Pulmonary Arterial Hypertension Damages the Heart and Lungs

The lungs and heart work in tandem. They are responsible for the intake of oxygen, sending it throughout the body for it to be used, and then returning and expelling the carbon dioxide which is created. The arteries within the lungs and the right side of the heart can sometimes suffer from high blood pressure specifically. The arteries can become narrow or blocked. Sometimes they can be destroyed outright. In turn, the blood doesn’t properly flow in the lungs and the pressure rises. The heart’s right side tries to compensate for this lack of blood flow and works harder. This can lead to dangerous complications with the heart. 

Identifying pulmonary arterial hypertension will allow for early treatment. This is important because there is currently no cure. However, treatment does allow for a better quality of life. It can also decrease the rate at which pulmonary arterial hypertension worsens. 

Symptoms of Pulmonary Arterial Hypertension

People who are suffering from pulmonary hypertension can suffer from a variety of symptoms. In many cases, which this problem is developing, the symptoms may not appear, or be so light as to almost be invisible. Symptoms to look out for include: 

  • Fainting and Dizziness
  • Dyspnea (Shortness of Breath)
  • Chest Pain and Chest Pressure
  • Edema in the Ankles/Legs
  • Ascites in the Abdomen
  • Cyanosis (Blue Tint to Skin and Lips) 
  • Heart Palpitations
  • Highly Elevated Heart Rate

Pulmonary Hypertension Grouping

There are several different groupings of pulmonary hypertension. The first is the main focus of this article. Group 1 of pulmonary hypertension is known as pulmonary arterial hypertension. This groups together many different causes. People who have a heart defect when they are born fall under this grouping. Issues caused by some diet drugs and illegal drugs also fall here. People with HIV, cirrhosis of the liver, and many connective tissue disorders might cause pulmonary arterial hypertension. Group 1 also contains a genetic form called heritable pulmonary arterial hypertension that is passed down in families. The final sufferers in group 1 are idiopathic sufferers. Quite simply, a cause can’t be determined for these! 

There are four other groups with different causes. Group 2 belongs to people who have issues with the left side of their heart. Heart diseases are common and heart failure applies as well. Group 3 focuses mostly on the lungs. Chronic conditions like emphysema apply, as does pulmonary fibrosis. There are also sleep disorders where people struggle to sleep that can cause issues. Group 3 also applies to people who live at very high altitude for a long period of time. The fourth group moves to the blood. Blood clots can occur in the body, however, pulmonary emboli is when they occur in the lungs. Group 5 is the final group and it deals with other conditions. There are quite a few, but there are several blood disorders, metabolic disorders and disorders that affect multiple bodily organs. This group also includes when a tumor presses against the pulmonary artery narrowing it. 

Getting Treatment for Pulmonary Arterial Hypertension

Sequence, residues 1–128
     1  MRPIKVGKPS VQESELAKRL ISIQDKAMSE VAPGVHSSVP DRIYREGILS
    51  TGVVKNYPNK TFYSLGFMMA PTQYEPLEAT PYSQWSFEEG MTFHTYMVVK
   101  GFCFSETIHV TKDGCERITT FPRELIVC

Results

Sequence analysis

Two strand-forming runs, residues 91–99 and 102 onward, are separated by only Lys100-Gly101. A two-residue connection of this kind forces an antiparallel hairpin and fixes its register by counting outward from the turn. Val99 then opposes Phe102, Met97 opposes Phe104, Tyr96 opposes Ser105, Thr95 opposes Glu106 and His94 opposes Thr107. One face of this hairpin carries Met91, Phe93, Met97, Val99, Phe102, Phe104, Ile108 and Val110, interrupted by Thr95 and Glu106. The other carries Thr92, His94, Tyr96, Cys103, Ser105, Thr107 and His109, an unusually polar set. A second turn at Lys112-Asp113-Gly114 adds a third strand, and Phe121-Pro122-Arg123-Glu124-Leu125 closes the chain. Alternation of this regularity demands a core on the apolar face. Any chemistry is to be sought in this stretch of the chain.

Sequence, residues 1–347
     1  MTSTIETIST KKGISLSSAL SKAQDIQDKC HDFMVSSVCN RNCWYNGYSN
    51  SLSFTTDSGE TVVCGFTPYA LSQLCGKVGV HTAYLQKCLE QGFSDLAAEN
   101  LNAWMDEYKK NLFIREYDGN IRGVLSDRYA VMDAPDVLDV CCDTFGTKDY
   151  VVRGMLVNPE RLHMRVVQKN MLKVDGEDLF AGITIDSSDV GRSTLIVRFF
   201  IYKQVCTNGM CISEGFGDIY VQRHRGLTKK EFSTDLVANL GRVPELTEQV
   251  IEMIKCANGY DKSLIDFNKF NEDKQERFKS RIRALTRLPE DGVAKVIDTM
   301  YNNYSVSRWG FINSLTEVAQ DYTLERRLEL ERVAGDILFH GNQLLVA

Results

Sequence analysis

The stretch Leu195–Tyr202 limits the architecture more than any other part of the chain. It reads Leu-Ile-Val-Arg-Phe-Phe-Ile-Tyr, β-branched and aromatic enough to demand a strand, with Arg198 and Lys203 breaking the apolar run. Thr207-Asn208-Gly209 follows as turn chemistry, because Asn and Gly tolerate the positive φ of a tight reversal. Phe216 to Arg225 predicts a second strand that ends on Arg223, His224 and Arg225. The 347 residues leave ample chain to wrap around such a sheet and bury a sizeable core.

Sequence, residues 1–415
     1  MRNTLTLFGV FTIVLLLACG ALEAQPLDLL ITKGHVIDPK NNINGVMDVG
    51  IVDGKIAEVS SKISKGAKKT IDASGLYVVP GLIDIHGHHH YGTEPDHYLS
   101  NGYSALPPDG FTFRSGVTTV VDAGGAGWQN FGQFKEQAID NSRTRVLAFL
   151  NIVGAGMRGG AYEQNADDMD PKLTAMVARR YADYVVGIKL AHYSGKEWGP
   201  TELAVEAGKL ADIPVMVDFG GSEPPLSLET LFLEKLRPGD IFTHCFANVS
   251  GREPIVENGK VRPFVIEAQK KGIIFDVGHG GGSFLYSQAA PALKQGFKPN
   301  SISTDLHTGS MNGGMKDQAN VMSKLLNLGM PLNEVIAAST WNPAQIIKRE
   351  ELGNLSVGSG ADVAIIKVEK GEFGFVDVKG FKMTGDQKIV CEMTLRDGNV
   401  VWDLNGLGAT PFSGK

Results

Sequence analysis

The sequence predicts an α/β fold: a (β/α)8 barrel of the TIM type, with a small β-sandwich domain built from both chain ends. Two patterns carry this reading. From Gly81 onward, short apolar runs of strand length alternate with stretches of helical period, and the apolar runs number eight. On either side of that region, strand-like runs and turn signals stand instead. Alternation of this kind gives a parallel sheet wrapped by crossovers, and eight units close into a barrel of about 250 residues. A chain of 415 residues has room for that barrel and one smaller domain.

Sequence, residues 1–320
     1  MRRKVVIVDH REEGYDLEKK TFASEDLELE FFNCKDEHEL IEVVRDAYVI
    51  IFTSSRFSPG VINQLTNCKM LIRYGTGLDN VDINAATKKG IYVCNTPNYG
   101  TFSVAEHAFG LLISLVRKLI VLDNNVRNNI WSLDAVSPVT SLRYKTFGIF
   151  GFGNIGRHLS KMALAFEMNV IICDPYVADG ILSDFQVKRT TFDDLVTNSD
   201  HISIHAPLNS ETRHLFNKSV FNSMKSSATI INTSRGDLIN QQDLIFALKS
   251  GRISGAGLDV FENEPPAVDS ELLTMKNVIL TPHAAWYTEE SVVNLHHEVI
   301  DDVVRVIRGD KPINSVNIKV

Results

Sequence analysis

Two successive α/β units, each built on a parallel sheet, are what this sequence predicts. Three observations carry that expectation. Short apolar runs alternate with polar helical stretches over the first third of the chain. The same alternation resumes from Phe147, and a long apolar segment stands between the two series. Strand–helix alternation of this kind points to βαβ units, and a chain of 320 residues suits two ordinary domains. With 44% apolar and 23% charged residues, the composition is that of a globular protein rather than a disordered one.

Once pulmonary arterial hypertension has been diagnosed, then treatment will be designed. Diagnosis is tricky early unless there’s a family history. It can require many tests that show the lungs and heart. 

Since pulmonary arterial hypertension grows over time, the severity is spread into classes. Class I is for people showing no symptoms during normal activity, and increases to Class IV where symptoms show while at rest. Treatment is typically medication. Medication works to widen the blood vessels that have been constricted. It can also try to alter the substances that cause constriction in the first place. Serious cases may require surgery. 

Lifestyle changes can also assist in handling pulmonary arterial hypertension. People need to get lots of rest at night, but be as active as possible. This can be assisted by eating a proper diet. Smokers need to quit. Pregnancy can be life threatening with pulmonary arterial hypertension and should be avoided. Getting up to high altitudes can cause symptoms to appear further. People living above 8000 feet should consider moving.

Medical Disclaimer: The information presented on healthnfitness.net are for general informational purposes only, the writer may not necessarily have medical or scientific training. This information is not reviewed by a physician. Some of these articles may contain information about treatments or the use of a pharmaceutical product that has not been approved by the U.S. Food and Drug Administration. healthnfitness.net does not endorse any specific product, service or treatment. Results on any service or treatment may vary from person-to-person.

This article should not be considered as medical advice. Do not delay or disregard seeking professional advice from a certified doctor or other qualified healthcare provider. Always speak with a doctor before starting, stopping, or changing any prescribed care or treatment plan. healthnfitness.net provides this reading material as a helpful resource, but it should never be a substitute for professional medical advice, care, diagnosis or treatment from a medical physician, a certified personal trainer, a therapist, a dietitian, or a nutritionist. If in a medical emergency, call a doctor or dial 911 immediately.